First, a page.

"H-hello?" He called, cursing himself for the crack in his voice. Oh he certainly sounded terrifying, didn't he? "There's nothing to steal here! You should leave now and maybe I won't call the authorities!" He paused at the top of the stairs to look around and listen. Maybe he could just frighten the thief off.
  4. A trembling voice sounded ahead of him, and Simon slowed his pace, sandaled feet making only soft shuffling sounds on the carpet.

    He was being taken for an intruder, it seemed. Well; it wasn't entirely inaccurate. Regardless, he thought, as another crack of thunder rattled the windows and sent a shock down his spine and spreading across his neck, he couldn't afford this hold-up.

    He peered ahead, trying to see around the bookshelf to where the voice was coming from without being seen, himself, and not having much success. It was difficult to say without a visual whether or not the rather shaken-sounding speaker was armed, and he was not willing to make any assumptions.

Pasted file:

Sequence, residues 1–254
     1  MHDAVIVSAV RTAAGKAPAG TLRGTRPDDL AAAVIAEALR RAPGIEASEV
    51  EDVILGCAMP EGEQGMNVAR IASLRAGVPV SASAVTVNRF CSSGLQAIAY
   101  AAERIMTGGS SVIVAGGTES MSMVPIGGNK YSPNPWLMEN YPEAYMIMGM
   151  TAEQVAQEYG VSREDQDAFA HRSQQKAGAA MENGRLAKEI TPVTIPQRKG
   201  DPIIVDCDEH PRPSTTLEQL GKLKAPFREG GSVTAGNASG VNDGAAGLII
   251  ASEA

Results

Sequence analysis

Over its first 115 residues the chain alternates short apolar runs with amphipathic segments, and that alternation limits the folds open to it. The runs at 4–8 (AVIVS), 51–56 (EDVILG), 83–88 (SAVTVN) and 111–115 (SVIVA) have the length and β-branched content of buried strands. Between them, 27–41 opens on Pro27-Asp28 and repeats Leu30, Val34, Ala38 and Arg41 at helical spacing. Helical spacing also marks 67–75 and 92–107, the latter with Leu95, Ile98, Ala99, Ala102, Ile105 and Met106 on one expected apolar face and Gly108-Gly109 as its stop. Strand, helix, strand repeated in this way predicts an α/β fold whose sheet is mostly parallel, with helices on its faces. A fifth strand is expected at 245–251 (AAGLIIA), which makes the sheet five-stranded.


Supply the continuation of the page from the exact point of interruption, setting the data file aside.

"It's all right!" he called cautiously, hoping his own tenor was steady enough to be convincing, and stepping slowly out from his shelter with his hands up in what he hoped was a universal sign of an unarmed surrender.

    "It's all right" he reiterated, swivelling as slowly as he dared until he was facing the only other person in the room; a fellow easily a foot taller than him, with dark hair and a defensive stance. He was dressed in rather more fitted clothes than Simon's simple, purple robes. More importantly, he was brandishing what looked like a club; Simon gulped.

    "I'm a priest" he explained, taking a careful step forward, and keeping his voice measured and low.

    "I'm not stealing anything, but this isn't a safe place to be and we both need to get out of here, now."

    He spoke the last word with some urgency, squinting at the figure, who was backlit by a light behind him, he couldn't get a clear read on the face.